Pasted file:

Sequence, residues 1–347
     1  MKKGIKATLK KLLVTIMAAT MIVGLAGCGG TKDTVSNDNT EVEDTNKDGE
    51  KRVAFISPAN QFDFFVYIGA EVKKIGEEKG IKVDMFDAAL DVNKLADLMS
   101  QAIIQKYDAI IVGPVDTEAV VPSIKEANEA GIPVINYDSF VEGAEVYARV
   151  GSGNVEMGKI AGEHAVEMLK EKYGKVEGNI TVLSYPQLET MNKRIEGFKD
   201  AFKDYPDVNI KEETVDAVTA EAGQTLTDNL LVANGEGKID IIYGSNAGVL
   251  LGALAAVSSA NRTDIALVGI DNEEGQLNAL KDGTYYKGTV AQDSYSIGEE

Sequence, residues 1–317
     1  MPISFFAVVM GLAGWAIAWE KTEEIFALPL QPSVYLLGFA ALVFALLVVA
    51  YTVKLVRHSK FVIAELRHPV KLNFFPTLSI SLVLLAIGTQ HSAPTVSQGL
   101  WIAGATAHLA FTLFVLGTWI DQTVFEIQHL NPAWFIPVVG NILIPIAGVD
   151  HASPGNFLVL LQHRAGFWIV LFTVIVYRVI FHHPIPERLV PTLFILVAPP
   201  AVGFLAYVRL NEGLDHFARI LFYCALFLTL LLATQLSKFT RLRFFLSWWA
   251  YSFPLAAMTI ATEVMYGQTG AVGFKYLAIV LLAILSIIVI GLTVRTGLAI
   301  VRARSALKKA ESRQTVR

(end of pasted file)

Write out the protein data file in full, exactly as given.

Sequence, residues 1–347
     1  MKKGIKATLK KLLVTIMAAT MIVGLAGCGG TKDTVSNDNT EVEDTNKDGE
    51  KRVAFISPAN QFDFFVYIGA EVKKIGEEKG IKVDMFDAAL DVNKLADLMS
   101  QAIIQKYDAI IVGPVDTEAV VPSIKEANEA GIPVINYDSF VEGAEVYARV
   151  GSGNVEMGKI AGEHAVEMLK EKYGKVEGNI TVLSYPQLET MNKRIEGFKD
   201  AFKDYPDVNI KEETVDAVTA EAGQTLTDNL LVANGEGKID IIYGSNAGVL
   251  LGALAAVSSA NRTDIALVGI DNEEGQLNAL KDGTYYKGTV AQDSYSIGEE

Sequence, residues 1–317
     1  MPISFFAVVM GLAGWAIAWE KTEEIFALPL QPSVYLLGFA ALVFALLVVA
    51  YTVKLVRHSK FVIAELRHPV KLNFFPTLSI SLVLLAIGTQ HSAPTVSQGL
   101  WIAGATAHLA FTLFVLGTWI DQTVFEIQHL NPAWFIPVVG NILIPIAGVD
   151  HASPGNFLVL LQHRAGFWIV LFTVIVYRVI FHHPIPERLV PTLFILVAPP
   201  AVGFLAYVRL NEGLDHFARI LFYCALFLTL LLATQLSKFT RLRFFLSWWA
   251  YSFPLAAMTI ATEVMYGQTG AVGFKYLAIV LLAILSIIVI GLTVRTGLAI
   301  VRARSALKKA ESRQTVR